TLDR: What are examples of (function-)spaces that are not sequential? When does this matter?

As a simple analyst, I am most happy if I can just work with sequences all the time. In most situations this is totally fine, as many many spaces one encounters in one's daily life are actually sequential (or even 1st countable, or even better metrisable). Now recently I was a bit shocked to find out that the seemingly familiar space of test-functions $\mathscr{D}(\mathbb{R}^d)$ (with its usual LF-topology) actually fails to be sequential. But hadn't I learned that one can verify whether a linear functional on $\mathscr{D}(\mathbb{R}^d)$ is a distribution by checking continuity with sequences? Well in that case it is true (Proposition 21.1 in Trèves TVS book), but only because we looked at linear functionals.

This got me thinking that there might actually be a bunch of spaces around, not pathological counterexamples, but real spaces one encounters in the wild, that fail to be sequential. In some cases, like above, this might not be problematic, but potentially for non-trivial reasons. In order to become more aware of these subtleties I would like to collect some more examples of this.

An answer should ideally contain the following:

  • A concrete example or a class of examples of non-sequential spaces, which are widely used or naturally show up in analysis. My main interested lies in topological vector spaces that appear as function spaces in some context. The example should not be some 'patholocial counterexample' (this is of course a bit vague).
  • An instance of where it matters that the space is non-sequential. Or a warning, of when one needs to be more careful with it and use filters or nets.
  • Loop holes or special situations where it suffices to focus on sequences nevertheless.

I'll make a start:

  • Test-functions: $\mathscr{D}(\mathbb{R}^d)$ (with standard LF-topology) is not sequential. In particular a function $f:\mathscr{D}(\mathbb{R}^d)\rightarrow \mathbb{C}$ might be sequentually continuous, but not continuous (example by PhoemueX). However, if $f$ is linear then sequential continuity implies continuity (Corollary after Proposition 13.1 in Trèves' TVS book). The same is true for other LF-spaces.
  • Distributions: $\mathscr{D}'(\mathbb{R}^d)$ (with the strong topology) is not sequential. A sequence of distributions converges strongly if and only if it converges weakly, but this is not true when sequences are replaced by nets/filters. The same result (for sequences) holds in strong duals of Montel spaces (Corollary 1 to Proposition 34.6 in Trèves)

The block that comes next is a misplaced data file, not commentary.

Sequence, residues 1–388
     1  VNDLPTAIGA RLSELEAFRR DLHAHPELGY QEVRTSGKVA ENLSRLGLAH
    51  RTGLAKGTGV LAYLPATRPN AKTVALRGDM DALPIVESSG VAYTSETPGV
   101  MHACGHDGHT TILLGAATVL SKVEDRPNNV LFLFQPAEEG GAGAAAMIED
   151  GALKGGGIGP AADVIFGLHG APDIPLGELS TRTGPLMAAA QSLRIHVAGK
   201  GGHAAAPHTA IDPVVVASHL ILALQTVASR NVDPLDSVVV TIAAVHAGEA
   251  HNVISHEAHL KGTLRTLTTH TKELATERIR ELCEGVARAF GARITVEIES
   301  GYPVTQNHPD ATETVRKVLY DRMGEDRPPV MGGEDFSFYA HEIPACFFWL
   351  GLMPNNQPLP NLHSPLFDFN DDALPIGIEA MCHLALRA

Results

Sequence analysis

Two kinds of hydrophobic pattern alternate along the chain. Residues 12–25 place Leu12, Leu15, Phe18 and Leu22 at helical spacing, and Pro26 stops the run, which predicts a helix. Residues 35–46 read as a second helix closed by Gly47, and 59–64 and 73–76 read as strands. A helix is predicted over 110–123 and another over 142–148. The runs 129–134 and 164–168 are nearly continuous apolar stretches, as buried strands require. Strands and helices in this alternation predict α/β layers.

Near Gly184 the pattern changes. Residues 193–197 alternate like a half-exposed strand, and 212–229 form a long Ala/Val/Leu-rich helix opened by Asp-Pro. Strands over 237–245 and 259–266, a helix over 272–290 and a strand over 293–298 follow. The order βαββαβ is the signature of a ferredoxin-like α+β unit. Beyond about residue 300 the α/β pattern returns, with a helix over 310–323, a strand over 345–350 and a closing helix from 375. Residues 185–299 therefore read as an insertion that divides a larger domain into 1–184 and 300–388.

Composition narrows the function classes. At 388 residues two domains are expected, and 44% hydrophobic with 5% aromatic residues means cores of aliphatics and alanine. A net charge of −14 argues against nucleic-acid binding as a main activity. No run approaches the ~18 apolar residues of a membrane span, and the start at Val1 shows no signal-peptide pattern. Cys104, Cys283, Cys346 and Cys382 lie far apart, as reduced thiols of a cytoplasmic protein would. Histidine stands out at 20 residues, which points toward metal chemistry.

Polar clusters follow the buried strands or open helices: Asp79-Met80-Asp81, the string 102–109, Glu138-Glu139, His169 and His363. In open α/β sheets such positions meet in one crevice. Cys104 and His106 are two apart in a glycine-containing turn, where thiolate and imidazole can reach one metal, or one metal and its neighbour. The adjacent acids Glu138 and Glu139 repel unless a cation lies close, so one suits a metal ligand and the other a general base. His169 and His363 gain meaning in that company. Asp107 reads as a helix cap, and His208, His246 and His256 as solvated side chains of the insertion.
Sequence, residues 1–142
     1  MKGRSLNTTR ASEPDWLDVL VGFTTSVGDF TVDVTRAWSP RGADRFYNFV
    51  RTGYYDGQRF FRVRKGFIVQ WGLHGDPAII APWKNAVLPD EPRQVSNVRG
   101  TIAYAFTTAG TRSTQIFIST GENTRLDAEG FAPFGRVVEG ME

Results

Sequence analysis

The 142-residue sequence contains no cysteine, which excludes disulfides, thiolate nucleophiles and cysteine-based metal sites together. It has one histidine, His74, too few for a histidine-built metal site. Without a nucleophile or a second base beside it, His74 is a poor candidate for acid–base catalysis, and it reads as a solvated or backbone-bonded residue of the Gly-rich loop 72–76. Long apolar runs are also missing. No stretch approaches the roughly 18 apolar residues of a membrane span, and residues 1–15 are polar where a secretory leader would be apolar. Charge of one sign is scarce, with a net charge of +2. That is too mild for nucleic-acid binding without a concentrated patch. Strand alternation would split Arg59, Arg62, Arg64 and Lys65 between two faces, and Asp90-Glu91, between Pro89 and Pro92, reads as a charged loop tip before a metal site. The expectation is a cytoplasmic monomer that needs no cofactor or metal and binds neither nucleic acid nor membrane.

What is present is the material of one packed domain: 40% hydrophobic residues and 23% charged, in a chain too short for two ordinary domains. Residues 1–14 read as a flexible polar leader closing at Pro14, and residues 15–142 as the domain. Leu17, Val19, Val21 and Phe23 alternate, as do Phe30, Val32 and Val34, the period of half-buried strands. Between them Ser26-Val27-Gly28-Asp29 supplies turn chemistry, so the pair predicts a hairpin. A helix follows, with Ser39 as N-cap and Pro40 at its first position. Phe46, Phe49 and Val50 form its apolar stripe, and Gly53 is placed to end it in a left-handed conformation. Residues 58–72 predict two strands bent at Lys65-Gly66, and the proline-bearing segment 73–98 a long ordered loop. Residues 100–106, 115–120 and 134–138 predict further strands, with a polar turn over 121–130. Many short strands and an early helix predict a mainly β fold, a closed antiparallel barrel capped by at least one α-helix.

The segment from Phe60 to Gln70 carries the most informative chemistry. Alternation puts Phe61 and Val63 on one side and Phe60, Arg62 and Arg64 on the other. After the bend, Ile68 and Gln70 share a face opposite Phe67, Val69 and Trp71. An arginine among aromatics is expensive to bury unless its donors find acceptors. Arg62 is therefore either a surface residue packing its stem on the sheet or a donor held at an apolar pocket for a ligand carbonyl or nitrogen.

• An infinite dimensional Banach space, equipped with the weak topology is not sequential. However, despite this we have that compactness = sequential compactness (Eberlein-Smulian theorem).

Finally, here are some spaces that are sequential: $\mathscr{S}(\mathbb{R}^d)$ (Schwartz-space), $\mathscr{D}(M)$ (distributions on compact manifold $M$), the dual of a separable locally convex space with the weak$^*$-topology, ...

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    $\begingroup$ I don't know if this is the kind of example you're looking for, but the Stone-Cech compactification $\beta \mathbb N$ of the countable discrete space $\mathbb N$ contains no converging sequences at all (except those that are eventually constant). en.wikipedia.org/wiki/… $\endgroup$
    – Will Brian
    Sep 4, 2020 at 14:22
  • $\begingroup$ Thanks for that example, Will. This is not quite what I was after - I have tried to make the question more precise. $\endgroup$
    – Jan Bohr
    Sep 5, 2020 at 10:29
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    $\begingroup$ I would like to add a remark to the failure of $\mathscr D(\mathbb R^3)$ being sequential: It is of course true that a linear map is continuous if it is sequentially continuous, but this fails for linear maps defined on closed subspaces! $\endgroup$ Sep 5, 2020 at 11:31
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    $\begingroup$ The space $C_p([0,1])$ of all continuous real-valued functions on the unit interval with the topology pointwise convergence is a pretty natural example of a non-sequential topological vector space which is a function space. More generally, for a compact space $X$, $C_p(X)$ is sequential if and only if $X$ is scattered (see Arhangel'skii's "Topological Function Spaces" book for more information). $\endgroup$ Sep 5, 2020 at 11:51

2 Answers 2